A yellow organic pigment produced in India from the 15th to the 20th century. Indian yellow is composed of magnesium euxanthate. It was originally made from the urine of cows fed exclusively on mango leaves (Mangifera indica Linn.). The washed, powdered material is a clear, golden yellow color that was popular for watercolor and tempera paints. Because the pigment was expensive, it was often adulterated with inorganic yellows, such as lead chromate. The production of Indian yellow was prohibited in 1908 because the mango leaves were harmful to the cattle. Current commercial paints labeled Indian yellow contain a synthetic coal-tar derivative that is more permanent than the original colorant. Authentic Indian yellow fluoresces a bright yellow color when lit with long wavelength ultraviolet light.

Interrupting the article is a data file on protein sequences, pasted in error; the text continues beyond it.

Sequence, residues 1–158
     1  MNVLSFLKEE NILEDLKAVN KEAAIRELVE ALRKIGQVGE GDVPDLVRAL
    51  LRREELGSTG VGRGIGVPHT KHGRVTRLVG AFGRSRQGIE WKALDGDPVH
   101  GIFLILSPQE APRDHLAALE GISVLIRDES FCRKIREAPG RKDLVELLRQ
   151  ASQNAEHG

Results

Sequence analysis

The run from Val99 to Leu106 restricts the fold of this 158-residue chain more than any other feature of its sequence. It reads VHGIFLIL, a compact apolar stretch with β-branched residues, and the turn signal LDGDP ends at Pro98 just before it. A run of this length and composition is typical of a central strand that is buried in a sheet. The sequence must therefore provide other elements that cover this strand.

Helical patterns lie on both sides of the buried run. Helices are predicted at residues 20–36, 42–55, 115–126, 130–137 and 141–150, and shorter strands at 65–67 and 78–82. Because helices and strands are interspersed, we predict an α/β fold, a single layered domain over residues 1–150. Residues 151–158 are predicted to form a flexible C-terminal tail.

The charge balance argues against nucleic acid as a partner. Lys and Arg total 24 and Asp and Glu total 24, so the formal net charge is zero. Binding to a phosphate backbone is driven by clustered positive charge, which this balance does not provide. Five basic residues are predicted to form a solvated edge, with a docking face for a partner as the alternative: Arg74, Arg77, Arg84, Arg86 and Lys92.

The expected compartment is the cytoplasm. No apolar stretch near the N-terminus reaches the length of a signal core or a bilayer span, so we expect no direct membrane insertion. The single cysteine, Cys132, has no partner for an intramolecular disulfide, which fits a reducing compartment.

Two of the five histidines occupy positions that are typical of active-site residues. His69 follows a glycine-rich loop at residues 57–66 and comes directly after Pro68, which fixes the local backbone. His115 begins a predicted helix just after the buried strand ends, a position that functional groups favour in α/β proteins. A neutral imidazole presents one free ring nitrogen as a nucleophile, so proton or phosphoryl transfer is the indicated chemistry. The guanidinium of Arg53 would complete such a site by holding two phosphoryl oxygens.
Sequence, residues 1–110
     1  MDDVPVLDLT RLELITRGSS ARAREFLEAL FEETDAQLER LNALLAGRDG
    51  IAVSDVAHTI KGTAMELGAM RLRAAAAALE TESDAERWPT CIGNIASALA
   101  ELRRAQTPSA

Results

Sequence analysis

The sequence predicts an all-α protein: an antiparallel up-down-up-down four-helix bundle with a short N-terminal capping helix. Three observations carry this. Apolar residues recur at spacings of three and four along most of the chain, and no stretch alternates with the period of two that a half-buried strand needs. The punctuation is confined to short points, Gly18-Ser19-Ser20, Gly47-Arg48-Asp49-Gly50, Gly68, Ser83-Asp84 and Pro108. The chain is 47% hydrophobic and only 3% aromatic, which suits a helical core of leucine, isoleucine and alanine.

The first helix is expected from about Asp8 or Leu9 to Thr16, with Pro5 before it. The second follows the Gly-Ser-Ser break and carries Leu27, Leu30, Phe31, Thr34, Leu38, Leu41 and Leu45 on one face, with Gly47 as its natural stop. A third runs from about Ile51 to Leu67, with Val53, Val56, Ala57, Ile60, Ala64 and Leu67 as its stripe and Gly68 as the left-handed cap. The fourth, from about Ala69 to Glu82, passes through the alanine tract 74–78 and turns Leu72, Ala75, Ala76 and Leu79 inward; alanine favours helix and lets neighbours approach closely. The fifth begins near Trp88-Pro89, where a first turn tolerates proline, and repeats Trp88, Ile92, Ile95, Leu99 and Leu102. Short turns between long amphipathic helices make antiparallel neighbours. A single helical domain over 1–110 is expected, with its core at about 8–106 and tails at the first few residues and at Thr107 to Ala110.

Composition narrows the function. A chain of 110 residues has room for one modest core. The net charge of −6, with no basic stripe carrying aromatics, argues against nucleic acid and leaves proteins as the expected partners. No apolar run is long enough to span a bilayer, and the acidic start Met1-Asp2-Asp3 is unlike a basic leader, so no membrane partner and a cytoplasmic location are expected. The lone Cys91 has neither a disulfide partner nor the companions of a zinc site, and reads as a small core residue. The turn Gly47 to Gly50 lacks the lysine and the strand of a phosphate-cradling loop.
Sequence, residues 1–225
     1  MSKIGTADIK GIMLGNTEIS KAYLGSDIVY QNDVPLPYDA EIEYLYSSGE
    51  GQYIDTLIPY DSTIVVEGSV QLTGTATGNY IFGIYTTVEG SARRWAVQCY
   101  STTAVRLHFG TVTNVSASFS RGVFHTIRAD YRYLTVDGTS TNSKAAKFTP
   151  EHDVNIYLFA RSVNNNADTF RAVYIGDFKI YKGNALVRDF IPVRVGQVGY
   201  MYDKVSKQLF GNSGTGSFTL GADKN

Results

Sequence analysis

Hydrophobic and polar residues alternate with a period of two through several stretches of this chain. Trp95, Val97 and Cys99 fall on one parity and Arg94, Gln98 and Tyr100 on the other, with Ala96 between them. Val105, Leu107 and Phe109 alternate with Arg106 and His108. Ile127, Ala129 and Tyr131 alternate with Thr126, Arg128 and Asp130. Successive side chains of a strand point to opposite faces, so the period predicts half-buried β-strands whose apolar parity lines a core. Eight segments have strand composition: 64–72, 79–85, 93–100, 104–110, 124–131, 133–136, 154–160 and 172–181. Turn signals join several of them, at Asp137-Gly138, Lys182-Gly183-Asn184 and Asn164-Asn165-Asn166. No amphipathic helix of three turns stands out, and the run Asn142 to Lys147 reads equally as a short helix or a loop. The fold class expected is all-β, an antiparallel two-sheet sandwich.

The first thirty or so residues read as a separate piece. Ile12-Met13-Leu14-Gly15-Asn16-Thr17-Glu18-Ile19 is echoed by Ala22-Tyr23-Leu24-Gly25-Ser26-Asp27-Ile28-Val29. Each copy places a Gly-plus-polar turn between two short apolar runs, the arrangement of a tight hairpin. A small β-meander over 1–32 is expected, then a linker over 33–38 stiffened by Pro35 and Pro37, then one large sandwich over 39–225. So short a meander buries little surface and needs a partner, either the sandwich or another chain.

Synonyms and Related Terms
magnesium euxanthate; CI 75320; Indischgelb (Deut.); jaune indien (Fr.); Indiko kitrino (Gr.); giallo indiano (It.); giallo euxantato (It.); amarillo indio (Esp.); Indisch geel (Ned.); purre (Ind.); purree; piuri; peori; pioury; purrea Arabica; Hardwari peori; peri rung; peoli; Monghyr puri; gogili; gaugoli; amarillo Indian; snowshoe yellow
Soluble in water, dilute acids, ether, alcohol. Not lightfast in alkali.
The original Indian yellow leaves a small amount of white ash when burned that is soluble in hydrochloric acid. Indian yellow that has been adulterated with an inorganic yellow will leave greater amounts of ash and it will be insoluble.
Low birefringence. Fluoreseces brightly in long wavelength UV.
N.S.Baer, A. Joel, R.L.Feller, N.Indictor, "Indian Yellow", Artists Pigments, Vol. 1, R.L. Feller, ed., Cambridge University Press:Cambridge, 1986.
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